Welcome to Scribd, the world's digital library. Read, publish, and share books and documents. See more
Download
Standard view
Full view
of .
Look up keyword
Like this
8Activity
0 of .
Results for:
No results containing your search query
P. 1
Trestle Coffee Table

Trestle Coffee Table

Ratings: (0)|Views: 55 |Likes:
Published by - yAy3e -

More info:

Published by: - yAy3e - on Feb 25, 2010
Copyright:Attribution Non-commercial

Availability:

Read on Scribd mobile: iPhone, iPad and Android.
download as PDF, TXT or read online from Scribd
See more
See less

05/26/2011

pdf

text

original

 
 
 Interpret a centuries-old design with modern tools and materials.
TEXT & PHOTOS BY ROSARIO CAPOTOSTOBelieve it or not, knockdown furniture isn't a modern idea. Originally, all tables weresimply loose boards set atop some sort of trestle or horse. By the Middle Ages,woodworkers realized that tabletop and trestle base could be joined more elegantlyand they crafted designs with simple tools and rudimentary hardware. In colonialNorth America, the handcrafted trestle table had evolved into a practical feature of refined households.Our coffee-table reinterpretation of such timeless furniture is actually designed tofind a home in the living rooms of the 1990's. It's constructed of ordinary 1" Commonpine and put together with the aid of the basic power and handtoolsnow at thedisposal of every home artisan.Because this table is stained and clear-finished, it pays to choose yourwood carefully. Select the straightest pieces you can find and make sure to buy extra so youcan work around knots and other types of defects.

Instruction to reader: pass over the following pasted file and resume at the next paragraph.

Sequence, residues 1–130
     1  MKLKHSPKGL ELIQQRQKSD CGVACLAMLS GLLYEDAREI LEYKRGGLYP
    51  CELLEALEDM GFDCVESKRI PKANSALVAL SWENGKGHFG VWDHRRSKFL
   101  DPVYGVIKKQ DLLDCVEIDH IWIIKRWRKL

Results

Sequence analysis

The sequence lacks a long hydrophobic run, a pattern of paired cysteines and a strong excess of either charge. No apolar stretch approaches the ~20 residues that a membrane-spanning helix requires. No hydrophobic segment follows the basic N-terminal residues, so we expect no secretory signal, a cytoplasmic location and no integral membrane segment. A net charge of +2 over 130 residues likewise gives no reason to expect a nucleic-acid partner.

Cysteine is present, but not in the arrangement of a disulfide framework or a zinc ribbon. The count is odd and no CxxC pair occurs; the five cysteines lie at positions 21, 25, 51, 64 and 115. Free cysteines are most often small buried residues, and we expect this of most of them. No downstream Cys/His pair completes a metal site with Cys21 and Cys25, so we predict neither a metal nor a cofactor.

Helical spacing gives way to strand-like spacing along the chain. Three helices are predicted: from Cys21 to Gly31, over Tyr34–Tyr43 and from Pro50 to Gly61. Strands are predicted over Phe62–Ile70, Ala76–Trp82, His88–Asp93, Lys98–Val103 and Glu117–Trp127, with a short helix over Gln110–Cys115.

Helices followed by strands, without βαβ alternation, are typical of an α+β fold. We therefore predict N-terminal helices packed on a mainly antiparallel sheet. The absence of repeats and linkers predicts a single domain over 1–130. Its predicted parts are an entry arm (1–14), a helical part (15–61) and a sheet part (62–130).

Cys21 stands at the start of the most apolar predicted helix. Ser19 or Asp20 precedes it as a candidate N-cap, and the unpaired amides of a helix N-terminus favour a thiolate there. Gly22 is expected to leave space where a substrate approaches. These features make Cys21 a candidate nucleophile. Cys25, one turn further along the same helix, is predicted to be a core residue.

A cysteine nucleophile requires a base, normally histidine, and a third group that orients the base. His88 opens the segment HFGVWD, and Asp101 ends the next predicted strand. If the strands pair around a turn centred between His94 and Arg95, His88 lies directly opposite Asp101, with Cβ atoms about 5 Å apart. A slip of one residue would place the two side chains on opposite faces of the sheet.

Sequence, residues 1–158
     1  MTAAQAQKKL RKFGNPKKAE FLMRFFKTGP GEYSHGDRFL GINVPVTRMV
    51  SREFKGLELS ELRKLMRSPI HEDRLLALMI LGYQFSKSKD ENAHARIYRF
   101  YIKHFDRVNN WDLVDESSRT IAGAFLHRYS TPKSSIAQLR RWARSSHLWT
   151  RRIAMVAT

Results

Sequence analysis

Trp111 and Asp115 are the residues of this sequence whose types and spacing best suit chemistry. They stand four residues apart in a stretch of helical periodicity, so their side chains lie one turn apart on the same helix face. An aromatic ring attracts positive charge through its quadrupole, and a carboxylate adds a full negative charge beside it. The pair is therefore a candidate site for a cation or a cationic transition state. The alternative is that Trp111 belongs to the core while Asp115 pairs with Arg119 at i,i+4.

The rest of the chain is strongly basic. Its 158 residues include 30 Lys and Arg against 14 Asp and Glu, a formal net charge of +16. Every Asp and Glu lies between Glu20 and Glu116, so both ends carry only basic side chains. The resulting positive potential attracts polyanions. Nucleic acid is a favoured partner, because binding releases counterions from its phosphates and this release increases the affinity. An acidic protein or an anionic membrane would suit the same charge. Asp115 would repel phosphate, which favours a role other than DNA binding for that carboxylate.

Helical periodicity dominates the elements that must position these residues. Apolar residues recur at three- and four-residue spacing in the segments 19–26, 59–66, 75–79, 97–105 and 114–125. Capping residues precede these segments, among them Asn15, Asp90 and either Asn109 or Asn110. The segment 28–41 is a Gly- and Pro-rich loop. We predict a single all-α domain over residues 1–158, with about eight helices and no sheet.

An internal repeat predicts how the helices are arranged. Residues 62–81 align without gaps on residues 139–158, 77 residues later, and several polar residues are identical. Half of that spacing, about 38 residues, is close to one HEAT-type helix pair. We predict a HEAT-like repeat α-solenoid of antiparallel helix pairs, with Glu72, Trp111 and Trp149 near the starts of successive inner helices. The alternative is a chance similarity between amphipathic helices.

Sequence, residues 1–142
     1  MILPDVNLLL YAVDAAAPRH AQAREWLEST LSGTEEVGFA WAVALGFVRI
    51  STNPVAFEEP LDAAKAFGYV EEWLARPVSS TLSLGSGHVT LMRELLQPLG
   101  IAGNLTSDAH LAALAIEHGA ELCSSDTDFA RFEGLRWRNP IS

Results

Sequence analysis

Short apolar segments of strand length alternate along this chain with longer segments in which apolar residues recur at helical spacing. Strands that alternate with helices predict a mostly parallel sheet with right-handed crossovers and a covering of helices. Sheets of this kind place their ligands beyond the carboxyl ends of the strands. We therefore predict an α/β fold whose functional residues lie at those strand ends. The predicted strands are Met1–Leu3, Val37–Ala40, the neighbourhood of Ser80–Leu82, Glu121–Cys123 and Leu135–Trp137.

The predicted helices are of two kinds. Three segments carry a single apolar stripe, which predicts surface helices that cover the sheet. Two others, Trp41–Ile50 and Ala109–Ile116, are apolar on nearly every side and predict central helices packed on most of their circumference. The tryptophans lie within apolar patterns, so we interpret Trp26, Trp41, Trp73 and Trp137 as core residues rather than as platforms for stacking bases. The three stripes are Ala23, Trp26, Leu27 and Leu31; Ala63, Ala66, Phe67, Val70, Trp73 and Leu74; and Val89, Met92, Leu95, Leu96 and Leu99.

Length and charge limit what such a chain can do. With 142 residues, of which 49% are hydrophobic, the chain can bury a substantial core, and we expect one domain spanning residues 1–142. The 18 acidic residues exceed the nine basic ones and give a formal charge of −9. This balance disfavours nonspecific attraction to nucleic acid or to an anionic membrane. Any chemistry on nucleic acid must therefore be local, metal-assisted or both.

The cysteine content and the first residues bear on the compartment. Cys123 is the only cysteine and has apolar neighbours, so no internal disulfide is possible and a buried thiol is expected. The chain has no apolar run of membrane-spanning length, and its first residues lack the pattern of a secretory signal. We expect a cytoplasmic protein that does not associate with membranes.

Use your circular saw to crosscut five 1x6 boards slightly longer than finished length.Then rip the board’s oversize in width using a straight strip as a guide and joint the edgeswith a hand plane.Arrange the boards so that the direction of the annual rings alternates from one board tothe next and mark the plate-joint centres. To cut the plate slots, place both the work andthe joiner on a flat surface. Keep the upper face of each board down to ensure that theupper surfaces of the pieces will be aligned (fig. 1). Mark and cut the plate slots in theedges of the tabletop stock.Apply glue to the slots, insert the plates, and assemble the tabletop (fig. 2). Then clampthe top with pipe clamps. To keep the top from buckling, clamp 2x4s across the boards.Place waxed paper under the 2x4s to prevent them from becoming glued to the top.After the glue is dry, use a paint scraper to remove excess glue and level the joints with acabinet scraper (fig. 3). Smooth the top with a belt sander, followed by a random-orbit orpad sander. Then cut to exact length and width (fig. 4).

Activity (8)

You've already reviewed this. Edit your review.
1 hundred reads
jparks778 liked this
jparks778 liked this
Mad_Max_HJ liked this
bennylimanhadi liked this
bennylimanhadi liked this
Chuck Achberger liked this
Mike Giroux liked this

You're Reading a Free Preview

Download
scribd
/*********** DO NOT ALTER ANYTHING BELOW THIS LINE ! ************/ var s_code=s.t();if(s_code)document.write(s_code)//-->